• Oct
    05
  • On the emergence of a turbulence model: Navier-Stokes-alpha model
    Jing Tian
    Towson University

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    Turbulence is a pervasive, complex family of phenomena observed in nature, and has been a great challenge to mathematicians, physicists, engineers and computational scientists. It is widely accepted by the scientific community that turbulent flows are governed by the Navier-Stokes equations, for large values of the Reynolds numbers. In this talk, we will begin with a brief introduction to turbulence, Navier-Stokes equations and the existence and smoothness problem. We then discuss a turbulence modelling method, the Navier-Stokes-alpha model. With the hypothesis that the turbulence described by the Navier-Stokes-alpha model partly due to the roughness of the walls, we present the transition from the Navier-Stokes equations into the Navier-Stokes-alpha model by introducing a Reynolds type averaging.
  • Sep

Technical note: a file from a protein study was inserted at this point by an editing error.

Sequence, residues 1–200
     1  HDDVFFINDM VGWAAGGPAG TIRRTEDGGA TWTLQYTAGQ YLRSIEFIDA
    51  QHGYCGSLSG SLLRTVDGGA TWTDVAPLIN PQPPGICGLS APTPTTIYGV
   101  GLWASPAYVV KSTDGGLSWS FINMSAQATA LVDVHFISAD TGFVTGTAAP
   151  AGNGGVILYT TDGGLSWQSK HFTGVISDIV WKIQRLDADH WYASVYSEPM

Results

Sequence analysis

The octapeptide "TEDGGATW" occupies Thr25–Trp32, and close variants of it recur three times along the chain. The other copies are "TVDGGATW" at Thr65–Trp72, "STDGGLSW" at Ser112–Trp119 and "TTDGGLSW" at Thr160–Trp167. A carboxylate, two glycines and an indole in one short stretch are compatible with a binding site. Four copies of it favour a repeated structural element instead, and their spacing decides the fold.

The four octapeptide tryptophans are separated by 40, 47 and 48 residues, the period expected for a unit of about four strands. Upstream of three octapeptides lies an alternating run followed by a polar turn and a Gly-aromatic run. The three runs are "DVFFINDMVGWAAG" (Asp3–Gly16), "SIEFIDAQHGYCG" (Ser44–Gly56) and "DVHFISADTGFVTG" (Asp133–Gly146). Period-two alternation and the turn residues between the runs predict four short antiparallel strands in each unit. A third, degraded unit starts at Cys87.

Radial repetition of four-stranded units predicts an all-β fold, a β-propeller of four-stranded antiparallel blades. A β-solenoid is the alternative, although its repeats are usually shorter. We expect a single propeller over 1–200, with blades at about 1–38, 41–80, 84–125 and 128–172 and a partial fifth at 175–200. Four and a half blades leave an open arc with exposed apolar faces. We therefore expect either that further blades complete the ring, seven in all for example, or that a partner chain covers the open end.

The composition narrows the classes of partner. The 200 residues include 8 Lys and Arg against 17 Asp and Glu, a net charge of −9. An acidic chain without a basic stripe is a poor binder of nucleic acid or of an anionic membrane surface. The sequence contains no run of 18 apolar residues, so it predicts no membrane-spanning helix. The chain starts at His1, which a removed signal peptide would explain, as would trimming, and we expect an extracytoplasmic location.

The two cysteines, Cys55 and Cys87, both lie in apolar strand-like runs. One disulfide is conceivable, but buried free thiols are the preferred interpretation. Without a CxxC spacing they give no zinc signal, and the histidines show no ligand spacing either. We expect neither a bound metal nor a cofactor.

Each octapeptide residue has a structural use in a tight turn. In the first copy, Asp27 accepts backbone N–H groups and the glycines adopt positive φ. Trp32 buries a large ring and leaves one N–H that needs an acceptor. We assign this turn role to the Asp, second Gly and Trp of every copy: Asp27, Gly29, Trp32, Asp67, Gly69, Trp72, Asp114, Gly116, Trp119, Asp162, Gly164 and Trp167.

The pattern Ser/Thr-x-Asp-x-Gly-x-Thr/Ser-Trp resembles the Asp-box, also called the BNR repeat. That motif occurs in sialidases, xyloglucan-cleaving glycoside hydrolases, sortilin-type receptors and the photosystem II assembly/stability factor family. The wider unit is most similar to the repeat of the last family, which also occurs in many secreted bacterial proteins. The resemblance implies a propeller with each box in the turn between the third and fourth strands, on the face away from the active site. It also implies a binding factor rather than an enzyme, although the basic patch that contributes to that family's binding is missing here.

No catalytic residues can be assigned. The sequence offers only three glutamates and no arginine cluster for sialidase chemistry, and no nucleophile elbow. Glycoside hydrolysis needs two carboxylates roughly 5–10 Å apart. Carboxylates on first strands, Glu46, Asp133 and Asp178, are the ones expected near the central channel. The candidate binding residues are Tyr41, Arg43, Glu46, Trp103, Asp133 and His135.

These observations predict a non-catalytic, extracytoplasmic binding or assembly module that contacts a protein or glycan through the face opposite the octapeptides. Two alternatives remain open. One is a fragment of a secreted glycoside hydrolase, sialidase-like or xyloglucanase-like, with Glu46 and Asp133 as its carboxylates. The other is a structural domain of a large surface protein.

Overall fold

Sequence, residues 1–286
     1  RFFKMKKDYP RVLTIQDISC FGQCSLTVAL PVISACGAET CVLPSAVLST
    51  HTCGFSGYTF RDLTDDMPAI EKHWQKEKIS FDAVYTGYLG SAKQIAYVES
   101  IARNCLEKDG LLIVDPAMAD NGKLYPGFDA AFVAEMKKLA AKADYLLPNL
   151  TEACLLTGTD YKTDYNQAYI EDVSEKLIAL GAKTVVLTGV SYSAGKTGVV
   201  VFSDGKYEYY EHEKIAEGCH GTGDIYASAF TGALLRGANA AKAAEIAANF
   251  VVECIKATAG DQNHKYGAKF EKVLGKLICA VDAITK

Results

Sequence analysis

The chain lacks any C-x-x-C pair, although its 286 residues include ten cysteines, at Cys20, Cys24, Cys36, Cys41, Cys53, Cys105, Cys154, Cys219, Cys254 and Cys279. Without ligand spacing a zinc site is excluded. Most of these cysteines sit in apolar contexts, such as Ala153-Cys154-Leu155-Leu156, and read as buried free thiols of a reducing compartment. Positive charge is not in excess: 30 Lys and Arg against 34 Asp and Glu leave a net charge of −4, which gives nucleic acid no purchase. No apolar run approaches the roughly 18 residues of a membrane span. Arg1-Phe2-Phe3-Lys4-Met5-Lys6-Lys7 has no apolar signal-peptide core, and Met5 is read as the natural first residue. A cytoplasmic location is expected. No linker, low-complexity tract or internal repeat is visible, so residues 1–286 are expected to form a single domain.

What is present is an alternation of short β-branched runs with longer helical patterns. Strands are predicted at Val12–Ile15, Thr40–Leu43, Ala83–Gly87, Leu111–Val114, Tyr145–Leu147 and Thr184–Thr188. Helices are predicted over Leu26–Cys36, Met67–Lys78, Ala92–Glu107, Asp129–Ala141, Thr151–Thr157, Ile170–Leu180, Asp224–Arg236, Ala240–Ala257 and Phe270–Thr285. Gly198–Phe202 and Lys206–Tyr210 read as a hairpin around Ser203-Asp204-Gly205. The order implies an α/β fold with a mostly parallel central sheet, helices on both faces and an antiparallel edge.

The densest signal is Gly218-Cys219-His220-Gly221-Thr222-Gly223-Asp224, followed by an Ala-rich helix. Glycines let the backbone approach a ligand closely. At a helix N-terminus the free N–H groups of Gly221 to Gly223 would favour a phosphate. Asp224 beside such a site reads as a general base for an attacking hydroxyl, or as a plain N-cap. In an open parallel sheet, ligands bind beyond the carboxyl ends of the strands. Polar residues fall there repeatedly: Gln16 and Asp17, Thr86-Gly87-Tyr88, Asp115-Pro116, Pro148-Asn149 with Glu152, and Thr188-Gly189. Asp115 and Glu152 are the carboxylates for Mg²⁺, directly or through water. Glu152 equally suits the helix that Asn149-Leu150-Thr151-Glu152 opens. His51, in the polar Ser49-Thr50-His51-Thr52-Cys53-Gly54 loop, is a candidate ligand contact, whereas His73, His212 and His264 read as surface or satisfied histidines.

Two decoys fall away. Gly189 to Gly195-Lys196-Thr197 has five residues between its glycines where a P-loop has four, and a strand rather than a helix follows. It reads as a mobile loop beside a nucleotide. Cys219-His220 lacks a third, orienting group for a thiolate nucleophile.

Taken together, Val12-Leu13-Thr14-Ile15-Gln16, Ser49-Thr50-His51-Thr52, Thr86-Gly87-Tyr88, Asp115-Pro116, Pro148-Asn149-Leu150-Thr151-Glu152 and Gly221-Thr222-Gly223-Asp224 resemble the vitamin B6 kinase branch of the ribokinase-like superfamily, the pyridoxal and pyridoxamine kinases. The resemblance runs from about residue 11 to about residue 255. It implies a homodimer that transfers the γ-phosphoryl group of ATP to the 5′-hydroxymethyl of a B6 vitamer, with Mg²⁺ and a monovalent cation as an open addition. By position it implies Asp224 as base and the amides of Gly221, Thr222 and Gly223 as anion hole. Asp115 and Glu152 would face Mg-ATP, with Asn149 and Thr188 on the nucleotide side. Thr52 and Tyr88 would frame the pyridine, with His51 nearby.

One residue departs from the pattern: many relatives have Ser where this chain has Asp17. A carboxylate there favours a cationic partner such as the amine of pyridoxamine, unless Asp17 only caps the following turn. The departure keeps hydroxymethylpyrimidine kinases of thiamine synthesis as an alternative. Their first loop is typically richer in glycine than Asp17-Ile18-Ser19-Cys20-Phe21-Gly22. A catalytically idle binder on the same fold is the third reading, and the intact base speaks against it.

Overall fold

21
  • Radial Basis Functions (RBFs) for Numerical Simulation of High Energy Lasers and Interfacial Fluid Dynamics
    Jonah Reeger
    USNA, Math Department
  • Sep
    14
  • PDE Constrained Optimization
    Harbir Antil
    George Mason University
    Time: 12:00 PM

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    Optimization problems with partial differential equations (PDEs) as constraints is known as PDE Constrained Optimization. In this talk, I will start with several applications of PDE constrained optimization, including, free boundary problems, magnetic drug targeting, and fractional nonlocal PDEs. I will focus on optimization problems under uncertainty. I will describe risk-measures and their role in such optimization problems. Several illustrative numerical examples will be discussed.